We want to get a statement about the concentration of the particles in equilibrium for an arbitrary mix of concentrations at the start of the reaction in non-equilibrium; for ease of writing we denote the equilibrium concentration of the component i with ci; the concentration at the start than is ci0, and an arbitrary concentration is Ci.
The various ci may be the number of mols, the absolute number of particles, or the concentration relative to some fixed value - it doesn't matter as long as the same definition is used throughout.
As pointed out above, it is important to realize, that the ci0 can have any initial values whatsoever - you always can throw into a closed container whatever you want - but the dCi; the changes in the concentrations, are tied to each other via the reaction equation.
If you produce one mol of H2O from any initial quantity of H2 and O2; you will have reduced the H2 concentration by 1 mol and the O2 concentration by 0,5 mol - the dCi thus are not independent.
The whole mixture of stuff - at whatever composition, i.e. for the whole range of the Ci - will have some free enthalpy G(Ci, p, T).
The important question is: For which concentration values of the various particles, do we have equilibrium and thus the minimum of G?
In other words: For what conditions is dG = 0?
Lets write it down. With G = G(Ci, p, T) we have for dG
dG  =  G
C1
· dC1  +  G
C2
· dC1  +  ...  +   G
Ci
· dCi  +  G
T
· dT  +  G
p
· dp
The (G/Ci) by definition are the chemical potentials mi of the particle sort x in the mixture, and the two last terms are simply = 0 if we look at it at constant pressure and temperature. For equilibrium.this leaves us with
dG  =  i
S
1
mi · dCi  =  0
Now comes a decisive step. We know that our dCi are tied somehow, but how?
To see this, we "wiggle" the system a little and react some particles, changing the concentrations a little bit. As a measure of this change we introduce a "reaction coordinate" dx; a somewhat artificial, but useful quantity (without a unit).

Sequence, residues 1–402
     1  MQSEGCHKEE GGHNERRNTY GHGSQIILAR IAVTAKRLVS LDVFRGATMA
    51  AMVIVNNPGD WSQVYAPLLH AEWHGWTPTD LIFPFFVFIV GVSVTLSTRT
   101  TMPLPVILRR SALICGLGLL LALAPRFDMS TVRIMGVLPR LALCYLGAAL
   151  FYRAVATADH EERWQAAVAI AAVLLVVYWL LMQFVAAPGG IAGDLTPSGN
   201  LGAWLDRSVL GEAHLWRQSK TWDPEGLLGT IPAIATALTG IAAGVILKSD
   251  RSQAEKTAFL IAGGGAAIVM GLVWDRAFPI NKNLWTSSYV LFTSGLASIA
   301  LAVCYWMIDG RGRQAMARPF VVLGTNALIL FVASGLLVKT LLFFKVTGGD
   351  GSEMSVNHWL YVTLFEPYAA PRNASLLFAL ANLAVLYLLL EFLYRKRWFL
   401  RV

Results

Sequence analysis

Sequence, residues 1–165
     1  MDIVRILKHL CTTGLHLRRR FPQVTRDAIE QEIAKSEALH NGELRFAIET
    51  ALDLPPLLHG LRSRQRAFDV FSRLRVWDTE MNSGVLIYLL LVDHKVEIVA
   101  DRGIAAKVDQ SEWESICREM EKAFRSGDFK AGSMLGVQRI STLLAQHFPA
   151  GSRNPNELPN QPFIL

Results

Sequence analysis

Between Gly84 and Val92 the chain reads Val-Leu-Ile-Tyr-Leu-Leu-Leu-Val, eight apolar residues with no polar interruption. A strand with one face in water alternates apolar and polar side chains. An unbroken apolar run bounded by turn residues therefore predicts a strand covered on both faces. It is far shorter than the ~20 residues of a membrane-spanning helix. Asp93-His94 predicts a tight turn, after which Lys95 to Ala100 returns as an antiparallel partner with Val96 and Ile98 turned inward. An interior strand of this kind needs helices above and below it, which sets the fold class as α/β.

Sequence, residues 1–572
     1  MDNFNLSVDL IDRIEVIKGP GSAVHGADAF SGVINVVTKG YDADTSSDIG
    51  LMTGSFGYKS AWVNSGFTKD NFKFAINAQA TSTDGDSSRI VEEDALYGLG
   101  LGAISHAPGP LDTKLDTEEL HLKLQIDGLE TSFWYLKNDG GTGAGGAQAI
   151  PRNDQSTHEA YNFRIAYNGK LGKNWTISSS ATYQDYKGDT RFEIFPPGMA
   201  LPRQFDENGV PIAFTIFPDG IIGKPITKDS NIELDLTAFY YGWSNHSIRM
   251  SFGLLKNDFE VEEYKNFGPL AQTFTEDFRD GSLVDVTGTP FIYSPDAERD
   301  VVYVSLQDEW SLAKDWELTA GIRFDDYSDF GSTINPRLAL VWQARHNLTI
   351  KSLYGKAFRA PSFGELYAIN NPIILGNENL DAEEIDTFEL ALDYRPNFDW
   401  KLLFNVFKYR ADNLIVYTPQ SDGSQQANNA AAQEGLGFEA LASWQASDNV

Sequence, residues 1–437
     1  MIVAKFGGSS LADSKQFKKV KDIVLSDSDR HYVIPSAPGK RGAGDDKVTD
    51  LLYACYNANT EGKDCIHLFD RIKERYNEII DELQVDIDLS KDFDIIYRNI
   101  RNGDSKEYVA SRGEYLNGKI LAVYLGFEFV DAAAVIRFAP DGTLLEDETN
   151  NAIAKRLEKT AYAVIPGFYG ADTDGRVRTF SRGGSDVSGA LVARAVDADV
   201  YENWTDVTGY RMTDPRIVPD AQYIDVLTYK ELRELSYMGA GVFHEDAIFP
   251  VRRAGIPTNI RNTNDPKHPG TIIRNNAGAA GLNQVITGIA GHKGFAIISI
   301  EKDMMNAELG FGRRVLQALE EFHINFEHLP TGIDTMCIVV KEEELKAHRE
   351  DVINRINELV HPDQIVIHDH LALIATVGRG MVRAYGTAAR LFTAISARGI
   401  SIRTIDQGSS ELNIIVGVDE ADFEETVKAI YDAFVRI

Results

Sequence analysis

The changes in the concentrations of the various particles of our system then must be proportional to dx and the proportionality constants are the stoichiometric indices ni. Think about it! However you wiggle - if the concentration of O2 changes some, the concentration of H2 will change twice as much.
In other words, or better yet, in math, we have
dCi  =  ni · dx
Substituting that into the equation for dG from above, we obtain
dG  =  i
S
1
mi · ni · dx  =   dx · i
S
1
mi · ni  =  0
Since dx is some arbitrary number, the sum term must be zero by itself and we have as equilibrium condition
i
S
1
mi · ni  =  0
This looks (hopefully) familiar. It is the equilibrium condition we had before for particles not reacting with each other when we looked at the meaning of the chemical potential.
Now all we have to do is to take the "master equation" for the chemical potential so beloved by the more chemically minded, and plug it into the equilibrium condition for our reactions.
In order to stay within our particle scheme, we use k instead of R and the activity Ai of the component i instead of its concentration Ci. Feel free to read "activity" as "somewhat corrected concentration" if you are unfamiliar or uncomfortable with activities. We have
mi  = mi0  +  kT · ln Ai
And, since we are treating equilibrium, the activity Ai now is the equilibrium activity ai (= concentration ci if everything would be "ideal") instead of the arbitrary concentration Ci because we are treating equilibrium now by definition.
Inserting this formula in the equilibrium condition from above (and omitting the index "i" at the sum symbol for ease of writing) yields